How many products Apple has? Well, you can go to a less than 3,000 sq ft Apple store - you can see all its products. Another question, how many models are there for Iphone 4? 2 and both looks the same - only difference is whether it is 32G or 64G. Can you differentiate them from the outlook? 1 design means cost of production must be low while it continues to produce solidly made products. I have a feeling that the Iphone 4 is the single most profitable product made over the last 1 year. It for one contributes to 50% of Apple's revenue last quarter!

At US$6 billion per quarter profit and growing (news say that this little company cannot meet demand), it is trading at slightly more than 12x PE. Expensive? No. Hence it is not that you are getting a company at 70x PE as to what we paid for Google when it was first listed.

I actually do not know what is the limit for Apple. Will its iconic status continue to overwhelmed its customers? Fact is in every launch it made over the last 5 years, it does overwhelmed the enthusiast. It now overwhelmed me. Imagine a new introduced product - the tablet called Ipad - Apple controls 80% of the market. No other companies are able to introduce tablet successfully. Only Steve Jobs and Apple can. And I do not know how many more tablets will be sold. I also do not know how many tablets can be sold in a year. If it is 100 million units, then Apple can theoretically and potentially sell 80 million units assuming it maintains the market share.

Only the factories that produce the tablets, Iphone, Ipod can limit Apple's revenue upside. Imagine this! Its products especially Iphone are not even available in some countries. I see Vietnamese coming to Malaysia to get an Ipad.

And my first Apple is its stock. :)



p.s. I wonder if Forrest Gump still holds his Apple shares...

Serious Investing!

Pemandu: Government agencies to pay for 1 Malaysia email database - Tell me about it!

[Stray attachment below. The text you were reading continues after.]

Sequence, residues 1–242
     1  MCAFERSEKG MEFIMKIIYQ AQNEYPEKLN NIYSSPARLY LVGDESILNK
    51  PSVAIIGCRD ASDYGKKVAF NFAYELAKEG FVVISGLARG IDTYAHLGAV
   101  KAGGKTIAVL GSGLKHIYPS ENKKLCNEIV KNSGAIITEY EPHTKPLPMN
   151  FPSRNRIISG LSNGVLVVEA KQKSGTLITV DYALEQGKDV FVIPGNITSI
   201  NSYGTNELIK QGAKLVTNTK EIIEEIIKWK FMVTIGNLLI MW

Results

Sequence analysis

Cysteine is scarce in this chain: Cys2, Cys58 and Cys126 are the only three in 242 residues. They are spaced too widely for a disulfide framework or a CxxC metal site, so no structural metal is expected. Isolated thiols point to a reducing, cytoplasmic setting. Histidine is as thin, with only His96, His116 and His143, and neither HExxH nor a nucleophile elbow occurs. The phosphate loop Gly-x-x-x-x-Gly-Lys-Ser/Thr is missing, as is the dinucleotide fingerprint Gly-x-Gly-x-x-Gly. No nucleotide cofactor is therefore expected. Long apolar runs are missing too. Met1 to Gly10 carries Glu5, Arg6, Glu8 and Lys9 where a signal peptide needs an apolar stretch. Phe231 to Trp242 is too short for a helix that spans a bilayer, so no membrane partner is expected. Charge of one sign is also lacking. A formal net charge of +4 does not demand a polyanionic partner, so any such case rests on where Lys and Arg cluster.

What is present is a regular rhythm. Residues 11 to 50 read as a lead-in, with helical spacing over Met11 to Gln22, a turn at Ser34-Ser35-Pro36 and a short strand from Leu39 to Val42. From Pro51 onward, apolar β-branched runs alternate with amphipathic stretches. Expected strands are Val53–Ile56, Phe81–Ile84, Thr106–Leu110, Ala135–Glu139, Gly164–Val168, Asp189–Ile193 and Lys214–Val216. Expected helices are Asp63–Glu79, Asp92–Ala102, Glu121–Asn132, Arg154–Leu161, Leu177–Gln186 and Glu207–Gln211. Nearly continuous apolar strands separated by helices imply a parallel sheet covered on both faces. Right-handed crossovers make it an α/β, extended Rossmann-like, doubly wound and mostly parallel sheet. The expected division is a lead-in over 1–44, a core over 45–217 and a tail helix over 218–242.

In the article by MalaysianInsider today, Pemandu: Government agencies to pay for 1 Malaysia email database, only now I get it - it is actually paid by the government, not private sector's initiative my friend.

Please answer my question. Currently, I receive my EPF, LHDN's email via my gmail account. Do they pay Google?

Serious Investing!

Tricubes - 500% increase in 3 days. Seriously, do I look like I am stupid?

After the announcements of the 1Malaysia email project with the Economic Transformation Programme which they claim that they are going to spend RM50 million, its shares rose by more than 500% - from RM0.05 to now RM0.35 within 3 days! Market cap - rose from RM7 million to RM48 million. Its book value is still below RM5 million while the initiative is being announced. Not that what they announced would immediately bring to your mind - ya, I know what they are trying to do - and if they execute it well, it may worth some few hundred millions to the company. NO!

While trying to understand why people will bother to have another so-called secured email for the receipt of EPF, IRD etc statement, its shares continued to rise. While on the other camp, through Facebook and Twitter, Malaysians continue to condemn the initiative - I am trying to comprehend what kind of value-add can Tricubes bring via the 1Malaysia email. Is it really that great, I mean I already received notices from IRD, Telekom, Celcom, Maxis etc through my gmail. Is gmail not secure? Then Google - you better be careful because even though your market cap is USD200 billion, and never mind if you have spent few hundred million in your gmail initiative, you may lose out to this little company in Malaysia. Google! Do you know that security is upmost important to an email account holder? Maybe Google does not know that and is not as good as Tricubes when comes to email securities. But hey, I looked through Tricubes' website, it has never mentioned anything about internet security being its core competency. Maybe by spending a couple of a million ringgit in research that competency can be acquired. Not bad...